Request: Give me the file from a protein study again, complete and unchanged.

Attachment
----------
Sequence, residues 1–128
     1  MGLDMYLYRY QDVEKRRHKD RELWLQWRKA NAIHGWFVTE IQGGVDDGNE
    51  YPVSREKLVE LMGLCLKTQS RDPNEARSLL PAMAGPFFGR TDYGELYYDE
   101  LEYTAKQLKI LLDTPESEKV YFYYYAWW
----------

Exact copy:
Sequence, residues 1–128
     1  MGLDMYLYRY QDVEKRRHKD RELWLQWRKA NAIHGWFVTE IQGGVDDGNE
    51  YPVSREKLVE LMGLCLKTQS RDPNEARSLL PAMAGPFFGR TDYGELYYDE
   101  LEYTAKQLKI LLDTPESEKV YFYYYAWW